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Salt Lake City will suspend impact fees on new development for 12 months in an effort to grapple with a reserve of funds built up from past collections and improve the way fees are assessed, collected and spent.
The moratorium, proposed by Mayor Ralph Becker last month, yielded a 4-3 initial vote late Tuesday in a City Council work session. Formal, final approval is expected Tuesday.
"One of the problems that I think we've seen with the way that impact fees have been collected is that we collect them and then they sit," said Councilman Charlie Luke. "We've seen this happen over and over."
He said many times council members don't understand how to spend the collected fees, and that even when good ideas are presented, the process is so complicated that nothing gets done.
The current policy "is not working," Luke said, adding a yearlong break would allow policymakers a chance to regroup and clearly define a new and improved policy.
He hopes that in a year, members of the council will be able to "know what the heck we're talking about."
Hailing the move is the Downtown Alliance.
"Right now the system just isn't fair," said organization spokesman Nick Como, adding that although nearly a quarter of impact fees come from downtown areas, they aren't distributed to projects in the same region.
He hopes that as leaders "pump the breaks" and assess how to spend impact fees, they can "level the playing field" for businesses and developers who are charged the same rate regardless of how much they build.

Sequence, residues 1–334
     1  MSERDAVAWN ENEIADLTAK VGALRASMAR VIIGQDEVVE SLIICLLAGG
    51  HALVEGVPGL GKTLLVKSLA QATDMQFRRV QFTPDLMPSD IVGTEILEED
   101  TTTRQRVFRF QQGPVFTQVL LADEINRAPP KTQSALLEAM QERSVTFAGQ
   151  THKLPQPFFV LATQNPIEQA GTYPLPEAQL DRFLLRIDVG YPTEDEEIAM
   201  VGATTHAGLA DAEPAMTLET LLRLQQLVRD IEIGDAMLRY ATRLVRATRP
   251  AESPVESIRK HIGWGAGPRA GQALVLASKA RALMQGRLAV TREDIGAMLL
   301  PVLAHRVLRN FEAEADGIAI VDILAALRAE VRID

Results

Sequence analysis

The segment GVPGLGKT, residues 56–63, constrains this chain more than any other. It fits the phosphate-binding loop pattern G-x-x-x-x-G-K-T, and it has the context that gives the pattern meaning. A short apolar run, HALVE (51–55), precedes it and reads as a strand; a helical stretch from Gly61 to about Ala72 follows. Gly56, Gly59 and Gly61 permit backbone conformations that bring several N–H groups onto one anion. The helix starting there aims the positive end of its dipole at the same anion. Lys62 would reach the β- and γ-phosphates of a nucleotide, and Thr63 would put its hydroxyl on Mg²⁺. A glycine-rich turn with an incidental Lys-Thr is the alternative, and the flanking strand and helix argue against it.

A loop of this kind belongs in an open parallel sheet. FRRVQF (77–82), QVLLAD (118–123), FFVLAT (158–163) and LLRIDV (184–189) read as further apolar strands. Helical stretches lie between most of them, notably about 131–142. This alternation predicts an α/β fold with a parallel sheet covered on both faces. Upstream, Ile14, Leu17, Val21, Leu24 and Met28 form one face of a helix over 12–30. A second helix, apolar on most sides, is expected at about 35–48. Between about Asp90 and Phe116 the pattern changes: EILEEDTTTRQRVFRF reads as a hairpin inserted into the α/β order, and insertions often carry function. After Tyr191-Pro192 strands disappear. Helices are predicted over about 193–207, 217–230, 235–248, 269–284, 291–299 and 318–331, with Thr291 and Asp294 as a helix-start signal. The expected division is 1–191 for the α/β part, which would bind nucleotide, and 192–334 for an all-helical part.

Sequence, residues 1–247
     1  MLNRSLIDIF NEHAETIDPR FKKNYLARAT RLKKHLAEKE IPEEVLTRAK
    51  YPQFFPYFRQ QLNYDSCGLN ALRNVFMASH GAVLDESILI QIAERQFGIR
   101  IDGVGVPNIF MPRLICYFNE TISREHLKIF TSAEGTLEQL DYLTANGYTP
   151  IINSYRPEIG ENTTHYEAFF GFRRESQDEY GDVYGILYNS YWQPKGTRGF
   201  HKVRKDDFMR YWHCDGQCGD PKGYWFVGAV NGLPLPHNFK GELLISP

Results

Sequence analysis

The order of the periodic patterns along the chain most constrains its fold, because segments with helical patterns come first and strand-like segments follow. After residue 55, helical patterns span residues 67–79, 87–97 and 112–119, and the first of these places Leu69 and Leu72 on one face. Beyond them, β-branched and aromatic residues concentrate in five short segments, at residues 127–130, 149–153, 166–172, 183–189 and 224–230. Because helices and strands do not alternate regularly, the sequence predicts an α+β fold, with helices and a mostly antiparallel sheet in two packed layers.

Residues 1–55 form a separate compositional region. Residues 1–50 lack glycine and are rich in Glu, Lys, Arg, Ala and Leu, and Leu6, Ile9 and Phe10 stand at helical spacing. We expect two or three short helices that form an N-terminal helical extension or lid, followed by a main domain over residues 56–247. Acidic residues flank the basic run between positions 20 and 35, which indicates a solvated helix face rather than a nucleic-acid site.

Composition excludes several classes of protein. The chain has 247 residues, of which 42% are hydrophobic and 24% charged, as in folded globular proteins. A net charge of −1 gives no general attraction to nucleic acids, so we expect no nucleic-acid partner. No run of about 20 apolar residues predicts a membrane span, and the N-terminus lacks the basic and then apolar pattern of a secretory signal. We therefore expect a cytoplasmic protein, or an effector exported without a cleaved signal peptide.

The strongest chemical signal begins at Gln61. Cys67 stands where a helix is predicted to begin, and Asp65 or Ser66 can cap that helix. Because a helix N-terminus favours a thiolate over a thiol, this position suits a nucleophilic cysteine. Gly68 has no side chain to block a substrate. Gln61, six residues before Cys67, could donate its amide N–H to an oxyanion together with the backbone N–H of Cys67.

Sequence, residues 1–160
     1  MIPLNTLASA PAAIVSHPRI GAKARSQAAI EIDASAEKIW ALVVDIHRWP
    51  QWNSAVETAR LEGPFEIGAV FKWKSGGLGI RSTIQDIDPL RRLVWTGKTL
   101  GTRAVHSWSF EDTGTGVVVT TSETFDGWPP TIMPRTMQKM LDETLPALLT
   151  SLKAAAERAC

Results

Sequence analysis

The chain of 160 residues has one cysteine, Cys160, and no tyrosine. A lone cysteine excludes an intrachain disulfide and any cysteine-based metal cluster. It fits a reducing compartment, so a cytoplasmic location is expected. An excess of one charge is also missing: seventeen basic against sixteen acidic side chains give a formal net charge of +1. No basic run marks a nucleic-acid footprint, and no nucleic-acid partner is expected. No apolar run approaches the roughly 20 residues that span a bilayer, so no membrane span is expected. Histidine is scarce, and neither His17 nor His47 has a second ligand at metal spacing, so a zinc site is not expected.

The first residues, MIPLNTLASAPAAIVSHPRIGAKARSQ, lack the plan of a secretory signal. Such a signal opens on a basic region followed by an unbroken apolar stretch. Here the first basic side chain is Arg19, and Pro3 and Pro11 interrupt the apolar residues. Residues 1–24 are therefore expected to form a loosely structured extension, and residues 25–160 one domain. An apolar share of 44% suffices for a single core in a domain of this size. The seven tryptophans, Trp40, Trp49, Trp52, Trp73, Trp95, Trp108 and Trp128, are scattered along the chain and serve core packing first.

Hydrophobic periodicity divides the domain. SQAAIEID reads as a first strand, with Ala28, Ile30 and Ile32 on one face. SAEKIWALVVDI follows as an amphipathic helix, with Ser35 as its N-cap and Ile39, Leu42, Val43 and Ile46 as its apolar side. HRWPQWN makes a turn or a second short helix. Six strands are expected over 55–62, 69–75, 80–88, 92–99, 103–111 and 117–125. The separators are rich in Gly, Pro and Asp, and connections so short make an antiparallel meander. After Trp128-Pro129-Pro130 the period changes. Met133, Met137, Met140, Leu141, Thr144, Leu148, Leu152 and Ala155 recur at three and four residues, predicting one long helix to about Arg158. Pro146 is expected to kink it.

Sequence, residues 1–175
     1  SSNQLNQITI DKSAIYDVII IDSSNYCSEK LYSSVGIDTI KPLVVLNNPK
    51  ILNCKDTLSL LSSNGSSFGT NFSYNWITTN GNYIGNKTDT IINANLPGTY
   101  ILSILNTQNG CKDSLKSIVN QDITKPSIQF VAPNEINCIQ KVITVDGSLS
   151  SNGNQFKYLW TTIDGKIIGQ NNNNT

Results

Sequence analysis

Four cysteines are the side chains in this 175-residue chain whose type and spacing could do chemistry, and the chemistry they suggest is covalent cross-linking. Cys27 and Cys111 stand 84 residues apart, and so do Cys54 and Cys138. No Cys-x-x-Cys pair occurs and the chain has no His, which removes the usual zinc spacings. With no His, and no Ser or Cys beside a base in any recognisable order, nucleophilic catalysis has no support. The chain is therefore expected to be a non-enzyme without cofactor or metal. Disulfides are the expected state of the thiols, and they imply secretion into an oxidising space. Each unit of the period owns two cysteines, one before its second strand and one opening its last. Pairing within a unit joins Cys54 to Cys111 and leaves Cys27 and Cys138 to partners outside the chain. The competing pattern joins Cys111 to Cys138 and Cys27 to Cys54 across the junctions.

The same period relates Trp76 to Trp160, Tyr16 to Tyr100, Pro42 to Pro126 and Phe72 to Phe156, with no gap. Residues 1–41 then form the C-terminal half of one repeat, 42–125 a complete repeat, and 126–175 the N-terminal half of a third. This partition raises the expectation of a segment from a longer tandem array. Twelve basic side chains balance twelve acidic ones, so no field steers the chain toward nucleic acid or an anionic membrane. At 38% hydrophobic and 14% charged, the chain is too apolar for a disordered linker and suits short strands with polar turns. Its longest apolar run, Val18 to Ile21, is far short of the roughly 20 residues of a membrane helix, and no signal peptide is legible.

The moratorium demonstrates "incredible" collaboration between city officials and the private sector, said Como.
Councilman James Rogers also spoke in favor of the moratorium, saying there's already "plenty of funding" for projects.
"This is a great time for us to stop, take a deep breath, assess where we're at and how we can move forward with it," he said.
Councilwoman Erin Mendenhall disagreed, saying that while she recognizes the need to address the problem of unused funds, halting the collection of impact fees won't stop growth and the demand for services that comes with it.
"My reservations are that this isn't a moratorium that stops the thing that we're trying to address," Mendenhall said. "It just seems like such a shame to me that we won't be equipping ourselves with the financial ability to address the growth that happens in that 12-month period."
Impact fees are supposed to help the city keep up with the extra costs associated with growth, paying for such things as parks and open space, roads and public safety. Opponents of a moratorium see the alternative of this revenue source piling burden on existing taxpayers or forcing a cutback in services. Councilman Kyle LaMalfa wasn't convinced a moratorium was a good idea.
"I don't believe that we've got so much impact fees that we can't spend them," LaMalfa said.
Councilwoman Lisa Adams raised questions about what exactly this halt would mean financially for developers.
Jill Remington Love, community and economic development director, explained that once the moratorium goes into effect, the city will immediately stop requiring developers to pay the fees.
"Those individuals or developers who do submit building permits and get their permits during the suspension period, essentially their fees are waived during that time," Love said. "The city will not be going back to them later to collect those fees."
Although "it may feel unfair," she said, the administration has been "speaking with members of the community, letting them know that they can wait, there is a possibility of a suspension."
She said the city "has the right to put in place suspension as of a certain date and to stop it as of a certain date."
People can always sue, she said, but the validity of their claim would be questionable.
The vote at the end of the discussion showed Adams, Stan Penfold, Rogers and Luke in favor of the moratorium and Mendenhall, LaMalfa and Chairman Luke Garrott against it.